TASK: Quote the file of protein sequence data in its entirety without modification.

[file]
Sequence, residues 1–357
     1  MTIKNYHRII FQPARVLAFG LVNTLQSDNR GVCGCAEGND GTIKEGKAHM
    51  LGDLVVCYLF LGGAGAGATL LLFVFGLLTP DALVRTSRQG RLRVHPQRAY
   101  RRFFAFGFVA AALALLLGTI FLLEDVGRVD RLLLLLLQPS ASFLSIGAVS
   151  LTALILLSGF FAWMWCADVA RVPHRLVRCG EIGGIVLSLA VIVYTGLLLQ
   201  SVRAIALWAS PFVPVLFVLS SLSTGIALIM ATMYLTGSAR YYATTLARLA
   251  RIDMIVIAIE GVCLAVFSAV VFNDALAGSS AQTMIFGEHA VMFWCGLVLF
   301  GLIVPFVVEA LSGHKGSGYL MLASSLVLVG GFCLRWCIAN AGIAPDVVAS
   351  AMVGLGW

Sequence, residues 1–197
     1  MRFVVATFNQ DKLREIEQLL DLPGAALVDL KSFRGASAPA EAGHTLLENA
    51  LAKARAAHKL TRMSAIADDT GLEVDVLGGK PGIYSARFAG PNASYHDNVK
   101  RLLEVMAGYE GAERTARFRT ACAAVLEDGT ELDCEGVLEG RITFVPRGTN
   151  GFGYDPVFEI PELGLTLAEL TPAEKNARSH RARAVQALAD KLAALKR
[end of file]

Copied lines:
Sequence, residues 1–357
     1  MTIKNYHRII FQPARVLAFG LVNTLQSDNR GVCGCAEGND GTIKEGKAHM
    51  LGDLVVCYLF LGGAGAGATL LLFVFGLLTP DALVRTSRQG RLRVHPQRAY
   101  RRFFAFGFVA AALALLLGTI FLLEDVGRVD RLLLLLLQPS ASFLSIGAVS
   151  LTALILLSGF FAWMWCADVA RVPHRLVRCG EIGGIVLSLA VIVYTGLLLQ
   201  SVRAIALWAS PFVPVLFVLS SLSTGIALIM ATMYLTGSAR YYATTLARLA
   251  RIDMIVIAIE GVCLAVFSAV VFNDALAGSS AQTMIFGEHA VMFWCGLVLF
   301  GLIVPFVVEA LSGHKGSGYL MLASSLVLVG GFCLRWCIAN AGIAPDVVAS
   351  AMVGLGW

Sequence, residues 1–197
     1  MRFVVATFNQ DKLREIEQLL DLPGAALVDL KSFRGASAPA EAGHTLLENA
    51  LAKARAAHKL TRMSAIADDT GLEVDVLGGK PGIYSARFAG PNASYHDNVK
   101  RLLEVMAGYE GAERTARFRT ACAAVLEDGT ELDCEGVLEG RITFVPRGTN
   151  GFGYDPVFEI PELGLTLAEL TPAEKNARSH RARAVQALAD KLAALKR